ECB may now pay banks to borrow in bid to boost growth
Published 11/03/2016 | 02:30
The European Central Bank (ECB) may end up paying banks to borrow from it as long as they can prove they lend on the cash to households and companies, Mario Draghi said yesterday as he cranked up measures aimed at boosting growth.
The ECB president said that under the new targeted longer-term refinancing operations, four-year loans would be offered at the ECB's main refinancing rate - which he had just cut to zero - with a discount for more active lenders.
"Banks will pay the (refi) rate at the time of bidding - so right now, zero - and they may even get a reduction of that rate which increases with the amount of loans they grant," Draghi told a news conference after the bank's policy meeting.
"The maximum reduction will bring the rate on the TLTRO2 to the level of the deposit facility rate at the time of bidding."
The euro zone's central bank cut its deposit rate to -0.4pc yesterday, suggesting it will effectively pay banks to borrow from it in order to help boost growth and inflation.
"The amount that banks can borrow is linked to the amount of loans they have on their balance sheet," Mr Draghi added.
"So a bank that is very active in granting loans to the real economy can borrow more than a bank that concentrates on other activities."
The cost-free loans are a sign of policy makers increasingly desperate efforts to lift growth and inflation, which have stalled across the Euro area.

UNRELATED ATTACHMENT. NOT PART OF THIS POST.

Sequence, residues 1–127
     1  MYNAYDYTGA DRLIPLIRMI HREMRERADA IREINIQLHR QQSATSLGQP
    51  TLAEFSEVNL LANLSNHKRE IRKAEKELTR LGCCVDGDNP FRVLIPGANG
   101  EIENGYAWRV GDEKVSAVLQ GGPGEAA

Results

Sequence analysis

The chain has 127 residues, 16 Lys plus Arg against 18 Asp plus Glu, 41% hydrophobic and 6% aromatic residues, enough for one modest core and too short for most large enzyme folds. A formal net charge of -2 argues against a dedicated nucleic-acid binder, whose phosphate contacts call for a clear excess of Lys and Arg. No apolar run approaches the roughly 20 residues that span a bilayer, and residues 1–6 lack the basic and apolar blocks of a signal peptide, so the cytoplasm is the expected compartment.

Ironically, the ECB was pulling out the stops to drive growth as it was confirmed here that the Irish economy grew at a thumping 7.8pc last year, the fastest pace since 2000.
Loose money should be a boost to Irish exporters, if it weakens the euro, but the single currency rose to a three-week high against the dollar yesterday, lifted off a six-week low after Mr Draghi said he did not anticipate further interest rate cuts are on the way.
The euro also posted gains against sterling.
While Mr Draghi said he does not expect further easing, he did say interest rates will remain low for a long time.
"But when the dust settles, I think the euro is still going to go lower, based on the fact that the ECB exceeded market expectations with its suite of policy tools, and also market positioning heading into today's meeting was far less bearish for the euro than we saw in previous meetings," said Omer Esiner, an analyst at Commonwealth Foreign Exchange in Washington.
The ECB plans to add corporate bonds to the €80bn a month it will spend buying financial assets on the markets - up from €60bn.
Bond buying over the last year has already driven the cost of borrowing for the State here, and others in Europe, to record lows. If the same effect is felt in the corporate bond markets big companies including higher rated Irish issuers like Ryanair and CRH will now see their borrowing costs tumble.
Borrowers in Ireland, including those with tracker loans will see their debt cost fall automatically after the lastest ECB move.
Experience over the past year however suggests that ECB rate cuts may not being felt by most home buyers or small and medium enterprise (SMEs), whose borrowing costs remain a multiple of the official level.
Across Europe, the ECB still has a lot to prove. Efforts to lift the economy so far have been to little avail. (Additional repoting Reuters)